The title of this episode, “Breaking the Bonds of Disobedience,” strikes me as a tad bit ridiculous. When I think of disobedience, the first thing I think of is not bonds. Speaking of which, why not use the word ‘rebellion’ in the title? That is what the story is really about when it comes down to it, and it just seems like a more apt and obvious word than ‘disobedience.’

This is the first episode where I have spotted a “BibleMan” branded bible on set, which is something that I have always found kind of hilarious. For a show that has an entire episode dedicated to the folly of pride and how God should have more glory than any individual, that’s a gutsy move.

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One of my favorite parts of this episode occurs after Bibleman has been infected with the disease of rebelliousness. For some reason, the only effect it seems to have is to make him ornery and forgetful of his bible verses. A young girl walks up to him, and asks him if cheating on homework is bad, and he literally cannot answer because he can’t remember his scripture. That is a level of inept that is hard for me to even fathom: to have your moral code so tied to a book that without it, you can’t even perform basic though processes. If that is the case, why don’t the bad guys just mess with his memory? Theoretically, if he can’t remember passages from the bible, he’ll be off the rails snorting cocaine and murdering passers-by with his laser sword in no time.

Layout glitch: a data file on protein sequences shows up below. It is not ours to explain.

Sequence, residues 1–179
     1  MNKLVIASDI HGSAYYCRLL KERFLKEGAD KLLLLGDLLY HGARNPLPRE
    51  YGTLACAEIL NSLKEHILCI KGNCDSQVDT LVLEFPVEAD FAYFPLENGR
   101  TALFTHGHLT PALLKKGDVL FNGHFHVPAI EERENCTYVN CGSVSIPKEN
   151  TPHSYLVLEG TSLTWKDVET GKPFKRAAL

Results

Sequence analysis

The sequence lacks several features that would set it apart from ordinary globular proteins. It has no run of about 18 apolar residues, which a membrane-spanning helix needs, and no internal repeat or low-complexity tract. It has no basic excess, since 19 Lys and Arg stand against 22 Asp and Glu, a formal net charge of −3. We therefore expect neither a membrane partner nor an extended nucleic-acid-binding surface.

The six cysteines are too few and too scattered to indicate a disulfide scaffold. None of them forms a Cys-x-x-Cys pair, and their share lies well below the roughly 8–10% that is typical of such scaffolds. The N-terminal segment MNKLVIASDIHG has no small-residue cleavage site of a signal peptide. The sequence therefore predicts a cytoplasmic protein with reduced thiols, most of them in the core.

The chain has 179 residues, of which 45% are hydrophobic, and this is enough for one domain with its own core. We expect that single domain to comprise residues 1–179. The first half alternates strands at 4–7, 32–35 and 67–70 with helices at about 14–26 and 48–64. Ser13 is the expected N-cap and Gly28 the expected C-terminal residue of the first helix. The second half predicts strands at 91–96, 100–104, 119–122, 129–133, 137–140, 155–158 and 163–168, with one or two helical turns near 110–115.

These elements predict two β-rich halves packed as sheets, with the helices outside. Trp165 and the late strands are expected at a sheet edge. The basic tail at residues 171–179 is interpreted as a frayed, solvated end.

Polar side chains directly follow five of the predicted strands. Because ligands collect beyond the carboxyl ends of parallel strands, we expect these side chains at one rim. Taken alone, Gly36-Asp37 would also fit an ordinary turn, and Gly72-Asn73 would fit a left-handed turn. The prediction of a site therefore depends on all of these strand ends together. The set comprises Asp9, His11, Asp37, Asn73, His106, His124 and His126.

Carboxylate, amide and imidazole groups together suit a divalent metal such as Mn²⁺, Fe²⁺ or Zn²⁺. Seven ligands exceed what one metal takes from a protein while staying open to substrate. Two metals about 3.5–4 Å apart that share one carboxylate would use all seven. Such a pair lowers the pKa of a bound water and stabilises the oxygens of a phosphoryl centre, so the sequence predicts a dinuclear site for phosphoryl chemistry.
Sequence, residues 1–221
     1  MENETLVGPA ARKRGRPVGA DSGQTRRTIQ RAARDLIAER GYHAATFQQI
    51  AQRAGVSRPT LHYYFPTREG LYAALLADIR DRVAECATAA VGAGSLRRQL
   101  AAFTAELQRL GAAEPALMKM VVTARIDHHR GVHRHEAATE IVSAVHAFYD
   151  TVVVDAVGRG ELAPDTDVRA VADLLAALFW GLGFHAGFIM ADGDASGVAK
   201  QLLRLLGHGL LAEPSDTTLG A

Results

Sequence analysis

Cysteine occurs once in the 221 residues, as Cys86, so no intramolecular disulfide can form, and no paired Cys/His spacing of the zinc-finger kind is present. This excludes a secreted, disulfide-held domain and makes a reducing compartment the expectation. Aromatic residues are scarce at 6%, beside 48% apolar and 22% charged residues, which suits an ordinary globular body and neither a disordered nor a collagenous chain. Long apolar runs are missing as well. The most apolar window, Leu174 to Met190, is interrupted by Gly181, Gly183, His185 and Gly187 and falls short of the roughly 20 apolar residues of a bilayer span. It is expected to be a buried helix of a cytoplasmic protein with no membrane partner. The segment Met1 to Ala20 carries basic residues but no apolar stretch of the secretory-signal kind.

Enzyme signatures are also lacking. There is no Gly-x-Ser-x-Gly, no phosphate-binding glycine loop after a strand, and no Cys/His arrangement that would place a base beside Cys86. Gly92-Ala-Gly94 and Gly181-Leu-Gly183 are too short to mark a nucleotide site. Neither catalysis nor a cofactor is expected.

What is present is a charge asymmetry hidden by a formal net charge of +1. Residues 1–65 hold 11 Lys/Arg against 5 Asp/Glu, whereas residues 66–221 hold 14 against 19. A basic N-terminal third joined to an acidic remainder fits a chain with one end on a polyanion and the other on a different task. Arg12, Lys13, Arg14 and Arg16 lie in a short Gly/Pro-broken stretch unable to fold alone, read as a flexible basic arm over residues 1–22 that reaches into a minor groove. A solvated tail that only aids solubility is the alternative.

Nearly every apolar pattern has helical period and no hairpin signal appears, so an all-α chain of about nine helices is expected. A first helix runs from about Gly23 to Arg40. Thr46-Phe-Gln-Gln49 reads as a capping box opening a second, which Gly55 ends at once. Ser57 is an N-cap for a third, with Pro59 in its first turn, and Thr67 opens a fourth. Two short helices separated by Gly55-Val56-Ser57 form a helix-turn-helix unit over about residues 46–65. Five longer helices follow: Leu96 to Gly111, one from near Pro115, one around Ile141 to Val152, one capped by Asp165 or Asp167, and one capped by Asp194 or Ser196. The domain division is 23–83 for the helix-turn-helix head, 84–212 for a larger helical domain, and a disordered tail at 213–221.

In keeping with truest and most time-honored of Bibleman traditions, the villains of the episode once again die miserably. This time, U.N.I.C.E. causes L.U.C.I.’s remote drone to explode, which somehow causes a chain reaction that results in Luxor and Ludicrous shattering into of pieces in the midst of a fireball. Not too shabby as far as villain deaths go.

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For some reason, I kind of love this episode. I think it is mostly because of the dayglo stage production and Bibleman’s utter helplessness and unhinged fury throughout the story, but I also kind of like the new version of Ludacris. There is also a segment where Luxor fools Bibleman with what I am pretty sure is a shitty Dr. Phil impression that slowly turns into Forrest Gump, which is just amazing to watch. This one is a solid and hardy recommendation from me: it is just the right amount of nonsense that makes for an enjoyable Bibleman experience.

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BibleMan: Shattering the Prince of Pride

BibleMan: Shattering the Prince of Pride

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Today, I’m continuing my week-long marathon of the Bibleman franchise as part of Secular Students Week. If you make a donation to the Secular Student Alliance this week, and I’ll cover a movie of your choice.

“Shattering the Prince of Pride” is the fifth entry into “The Bibleman Adventure,” which is the second incarnation of the franchise.